Topics: News, What's New from the Charities Directorate of CRA, Canadian Charity Law, Global Giving, Ethics and Canadian Charities, Avoiding 'Charity' Scams
On December 21, 2011 the Department of Finance announced a consultation on “updating Canada’s regime for combating money laundering and terrorist financing.” They also put out a consultation paper, “Strengthening Canada’s Anti-Money Laundering and Anti?Terrorist Financing Regime,” which contains a number of proposals, a couple of which relate to charities. The deadline for submitting comments is March 1, 2012. The two proposals relating to charities are pretty minor - first for the Canada Border Services Agency (CBSA) to share information with CRA Charities Directorate on seizure reports when they seize forfeited currency. Second, the Financial Transactions Reports Analysis Centre of Canada (“Fintrac”) already provides disclosure to CRA but such disclosure may be more proactive. These recommendations will facilitate the Charities Directorate having greater awareness of potential money laundering or terrorist activities that could potentially involve charities.
I have done extensive work with Canadian charities on the subject of avoiding involvement with terrorism. There are a number of serious structural issues facing charities, including challenges in the area of financial management. If some charities don’t have good systems and internal controls it is more likely that resources will be used inappropriately. While we have rules on Canadian rules on dealing with non-qualified donees (for example foreign charities) many charities conducting foreign activities are often not aware of their Canadian compliance obligations and also those of the area of operation. There are a number of resources on preventing charity resources from being used to support terrorism but awareness is not as high as it should be.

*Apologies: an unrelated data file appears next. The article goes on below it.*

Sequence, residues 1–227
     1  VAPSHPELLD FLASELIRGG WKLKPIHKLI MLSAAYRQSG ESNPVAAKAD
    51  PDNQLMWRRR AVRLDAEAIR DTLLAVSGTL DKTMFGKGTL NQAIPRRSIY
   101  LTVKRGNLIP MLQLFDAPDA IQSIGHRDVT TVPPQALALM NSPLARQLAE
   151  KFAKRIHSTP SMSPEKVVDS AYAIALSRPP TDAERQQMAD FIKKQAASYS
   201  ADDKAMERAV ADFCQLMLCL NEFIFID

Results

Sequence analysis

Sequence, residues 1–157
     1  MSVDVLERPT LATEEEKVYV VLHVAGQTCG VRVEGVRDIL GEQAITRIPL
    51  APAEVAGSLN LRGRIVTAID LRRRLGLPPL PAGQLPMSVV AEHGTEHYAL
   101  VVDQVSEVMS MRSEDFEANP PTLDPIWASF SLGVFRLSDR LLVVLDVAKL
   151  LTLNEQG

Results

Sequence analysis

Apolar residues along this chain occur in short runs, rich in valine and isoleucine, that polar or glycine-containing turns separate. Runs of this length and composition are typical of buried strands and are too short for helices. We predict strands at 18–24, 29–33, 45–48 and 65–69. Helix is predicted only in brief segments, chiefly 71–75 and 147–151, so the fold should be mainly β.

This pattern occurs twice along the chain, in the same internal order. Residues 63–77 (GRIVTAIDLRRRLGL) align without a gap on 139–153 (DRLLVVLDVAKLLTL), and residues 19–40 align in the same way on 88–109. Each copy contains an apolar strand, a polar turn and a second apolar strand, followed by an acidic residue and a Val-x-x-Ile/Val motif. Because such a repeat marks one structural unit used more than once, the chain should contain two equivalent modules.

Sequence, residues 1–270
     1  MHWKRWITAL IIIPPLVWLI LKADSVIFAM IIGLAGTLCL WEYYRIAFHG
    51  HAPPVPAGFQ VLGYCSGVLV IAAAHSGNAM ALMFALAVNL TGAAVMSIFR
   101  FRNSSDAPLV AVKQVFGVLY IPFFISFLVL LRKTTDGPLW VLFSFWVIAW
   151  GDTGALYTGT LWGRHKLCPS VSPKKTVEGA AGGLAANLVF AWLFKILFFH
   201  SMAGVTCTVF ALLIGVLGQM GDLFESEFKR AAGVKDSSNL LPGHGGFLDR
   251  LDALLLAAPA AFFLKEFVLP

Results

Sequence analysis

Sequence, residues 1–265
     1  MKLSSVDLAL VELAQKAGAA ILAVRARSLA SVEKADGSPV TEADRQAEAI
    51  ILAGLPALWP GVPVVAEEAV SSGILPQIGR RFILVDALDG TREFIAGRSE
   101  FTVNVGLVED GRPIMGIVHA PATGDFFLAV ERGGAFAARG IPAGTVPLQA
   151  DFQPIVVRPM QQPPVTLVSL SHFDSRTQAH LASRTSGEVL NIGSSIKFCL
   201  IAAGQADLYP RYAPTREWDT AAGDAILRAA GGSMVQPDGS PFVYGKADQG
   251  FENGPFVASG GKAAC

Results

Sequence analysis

As well we have too many dormant charities that could be taken over by various people with questionable intentions. We have a small number of people creating “shelf charities” that evade a lot of the protections provided by the CRA charity application process. We also have too much “confidentiality” when it comes to a small number of people using charities to directly or indirectly support terrorism. If there is information that a charity is supporting terrorism the public should not have to wait for a long process (sometimes as long as 7-10 years) of revocation to be concluded and then only can the CRA publicly disclose the allegations and release the last letters that they sent to the charity. During that extended process the public may not even be aware of allegations of impropriety and they may be in good faith donating to a charity that they find out later was involved in terrorist activity.
Here is the press release and consultation paper: http://www.fin.gc.ca/activty/consult/pcmltfa-lrpcfat-eng.asp
Here are the portions relating to registered charities:
“Information Sharing to Detect and Deter the Funding of Terrorism Through Registered Charities
The CRA Charities Directorate administers the scheme for the registration of charities under the Income Tax Act. The Charities Directorate contributes to the Government’s efforts to combat terrorist financing by undertaking activities aimed at preventing organizations with ties to terrorism from obtaining registration and detecting and revoking the registration of already registered charities with ties to terrorism.